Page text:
There is no dispute about the importance of the tourist trade. I am not in a position either to confirm or deny the figure quoted by my hon. Friend, but, certainly, this is a large and important section of our economy, and of great value at the present time. Clearly, anything in the nature of a hindrance to this trade ought to be promptly and carefully examined by the Government, but I think we must keep a proper balance in these matters.

Obviously, the comfort and convenience of visitors from abroad is an important consideration, but it cannot be the only consideration. We are here dealing with a branch of the law which affects, in one way or another, the entire population of the country, and, although we should bear in mind the comfort and convenience of visitors, we much primarily have regard to the whole body of the population.

Perhaps I may say that the Home Office has no special knowledge, because it has no special means of obtaining knowledge, of the complaints made by foreigners in this connection. We hear about the rest of the community here, but there is no special channel by which these complaints come into the Home Office.

Mr. J. Rodgers

There is a good deal of evidence in the files of the B.T.H.A. on this subject.

Sir H. Lucas-Tooth

I am not saying there is no evidence at all. What I am saying is that the Home Office have no special means. Hon. Members do not write to us constantly pointing out that particular American or other foreign citizens complain about this or that. They write about complaints of their constituents and not of foreign visitors.

Therefore, this is a picture which it is difficult to piece together. I do not think it is necessary for me to remind the House that there are many strongly held and deeply conflicting points of view on this matter. Anything relating to the licensing laws is always controversial, and the present law is something of a compromise between these conflicting points of view. The present system has, in fact, with minor amendments, been in operation for some 30 years. My hon. Friend rather suggested that on that account it was antique and that the time had come to overhaul it.

It may be that that is so. I am not saying yes or no, but I do say that if we review the licensing system we should review it as a whole and have regard to the needs of the country as a whole, and that we should not specially have regard to the very limited needs of our visitors from overseas, important though they may be.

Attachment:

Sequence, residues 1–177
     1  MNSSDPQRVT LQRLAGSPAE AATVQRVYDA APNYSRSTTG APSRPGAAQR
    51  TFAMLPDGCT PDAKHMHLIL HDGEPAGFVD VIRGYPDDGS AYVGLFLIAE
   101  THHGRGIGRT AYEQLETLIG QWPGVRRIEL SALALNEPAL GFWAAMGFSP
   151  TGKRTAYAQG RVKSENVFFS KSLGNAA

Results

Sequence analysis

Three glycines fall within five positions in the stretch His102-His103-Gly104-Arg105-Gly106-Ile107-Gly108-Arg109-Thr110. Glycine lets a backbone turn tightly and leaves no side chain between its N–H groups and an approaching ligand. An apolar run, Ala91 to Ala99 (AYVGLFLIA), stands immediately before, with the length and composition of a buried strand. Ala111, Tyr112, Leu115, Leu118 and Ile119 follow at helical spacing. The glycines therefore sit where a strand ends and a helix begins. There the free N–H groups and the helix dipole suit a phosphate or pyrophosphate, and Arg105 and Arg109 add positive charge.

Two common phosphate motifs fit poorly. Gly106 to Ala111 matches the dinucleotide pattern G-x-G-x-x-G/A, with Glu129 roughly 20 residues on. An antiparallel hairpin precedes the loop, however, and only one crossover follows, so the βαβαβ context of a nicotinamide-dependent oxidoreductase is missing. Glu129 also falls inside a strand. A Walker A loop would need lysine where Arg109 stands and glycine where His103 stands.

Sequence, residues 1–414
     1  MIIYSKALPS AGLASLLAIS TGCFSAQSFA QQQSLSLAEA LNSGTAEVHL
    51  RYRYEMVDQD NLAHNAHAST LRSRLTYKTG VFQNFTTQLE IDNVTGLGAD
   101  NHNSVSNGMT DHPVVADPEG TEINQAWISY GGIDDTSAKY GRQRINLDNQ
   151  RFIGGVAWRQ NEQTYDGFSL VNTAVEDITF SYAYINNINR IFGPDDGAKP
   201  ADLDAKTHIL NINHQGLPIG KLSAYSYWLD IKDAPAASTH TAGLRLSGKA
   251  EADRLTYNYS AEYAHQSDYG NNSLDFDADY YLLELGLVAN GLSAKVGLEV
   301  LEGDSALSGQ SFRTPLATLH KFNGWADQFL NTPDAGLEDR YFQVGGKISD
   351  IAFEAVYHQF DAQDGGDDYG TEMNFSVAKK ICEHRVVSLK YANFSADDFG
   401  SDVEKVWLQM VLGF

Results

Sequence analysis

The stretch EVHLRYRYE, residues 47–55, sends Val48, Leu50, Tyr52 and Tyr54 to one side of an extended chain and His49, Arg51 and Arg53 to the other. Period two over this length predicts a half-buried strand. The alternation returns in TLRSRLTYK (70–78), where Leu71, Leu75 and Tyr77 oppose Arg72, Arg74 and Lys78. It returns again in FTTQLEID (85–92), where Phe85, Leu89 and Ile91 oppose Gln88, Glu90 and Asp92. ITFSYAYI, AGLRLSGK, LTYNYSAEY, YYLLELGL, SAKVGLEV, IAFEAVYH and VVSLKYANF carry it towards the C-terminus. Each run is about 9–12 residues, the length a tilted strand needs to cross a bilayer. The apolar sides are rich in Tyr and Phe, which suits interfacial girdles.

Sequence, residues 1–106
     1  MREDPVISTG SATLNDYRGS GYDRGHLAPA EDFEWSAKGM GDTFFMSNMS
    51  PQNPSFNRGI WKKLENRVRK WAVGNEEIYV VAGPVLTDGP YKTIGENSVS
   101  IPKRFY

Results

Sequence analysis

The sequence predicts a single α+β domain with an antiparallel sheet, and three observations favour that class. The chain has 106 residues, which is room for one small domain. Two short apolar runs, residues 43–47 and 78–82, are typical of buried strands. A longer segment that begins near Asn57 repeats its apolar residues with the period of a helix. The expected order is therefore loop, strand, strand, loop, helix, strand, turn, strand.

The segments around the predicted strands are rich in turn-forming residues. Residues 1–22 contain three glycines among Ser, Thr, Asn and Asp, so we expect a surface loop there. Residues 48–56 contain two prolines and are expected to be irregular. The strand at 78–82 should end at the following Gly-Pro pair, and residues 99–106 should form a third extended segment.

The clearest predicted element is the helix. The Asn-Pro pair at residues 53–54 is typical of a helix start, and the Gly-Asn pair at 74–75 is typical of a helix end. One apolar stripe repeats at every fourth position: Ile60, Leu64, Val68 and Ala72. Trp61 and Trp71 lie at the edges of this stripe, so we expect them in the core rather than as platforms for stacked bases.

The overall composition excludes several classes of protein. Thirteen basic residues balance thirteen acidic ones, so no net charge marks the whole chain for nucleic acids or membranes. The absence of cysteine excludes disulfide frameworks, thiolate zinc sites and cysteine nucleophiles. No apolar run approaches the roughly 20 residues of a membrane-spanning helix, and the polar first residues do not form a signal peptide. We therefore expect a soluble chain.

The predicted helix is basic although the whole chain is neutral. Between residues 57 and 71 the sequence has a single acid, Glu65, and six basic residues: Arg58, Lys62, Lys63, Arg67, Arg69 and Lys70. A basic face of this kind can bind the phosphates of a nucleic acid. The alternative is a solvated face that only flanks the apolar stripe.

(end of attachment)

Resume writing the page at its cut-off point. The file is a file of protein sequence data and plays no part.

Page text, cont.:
Sir I. Fraser

With regard to airports, it is not merely a question of the visitor from overseas. Anyone who flies out from this island to any part of the world may be held up for several hours by fog or engine trouble. He has to wait at the airport and cannot get a drink. I think it is a pity.

Sir H. Lucas-Tooth

I opened my remarks by saying that specific suggestions are, of course, being considered. But I am trying to answer the particular point made by my hon. Friend that the persistence in this system for 30 years was the reason for making limited alterations now. I think he will appreciate that really is not so. The fact that this is an ancient system really makes it the more difficult to alter, and, therefore, it requires deeper and wider consideration.

We must not ignore the tourist point of view in considering whether any Amendment may be necessary, but changes in our licensing laws must be considered on the general merits of the case. The difficulty about making these changes is very great indeed. The proposals of the British Tourist and Holidays Association have been put forward, and, I think, are recommended by my hon. Friend, as proposals which should now be carried into effect. They are, one would have thought, designed on the whole to give additional facilities to those who wish to take alcoholic refreshment, and I do not think that would be denied in any part of the House. But, even so, they are not generally acceptable within the catering trade itself.

I want to tell the House that after these proposals were formulated no less an organisation than the Brewers' Society wrote to the Home Office officially, and I will read an extract from their letter: — the Brewers' Society representative on the Association's committee concerned with the memorandum spoke against it generally and in particular objected to the extension of permitted hours, the proposal about clubs and the proposal that licensing justices should be prepared to grant licences to hotels and restaurants more frequently than once a year.

Mr. H. Hynd

A Conservative Government must take orders from the brewers.

Sir H. Lucas-Tooth

In this case I think that the Brewers' Society and the hon. Member for Ealing, North (Mr. J. Hudson), would say exactly the same thing. I only mention it to the House to show the very great difficulty and complexity which exists in these matters.

I do not think I can say more than this. We will consider these proposals, and, indeed, any proposals that are put forward, on their merits, and we will consider them carefully. My right hon. and learned Friend will maintain an open mind in considering these suggestions. But further than that it is impossible for the Government at the present time to go.

Question put, and agreed to.

Adjourned accordingly at Twenty-nine Minutes to Five o'Clock.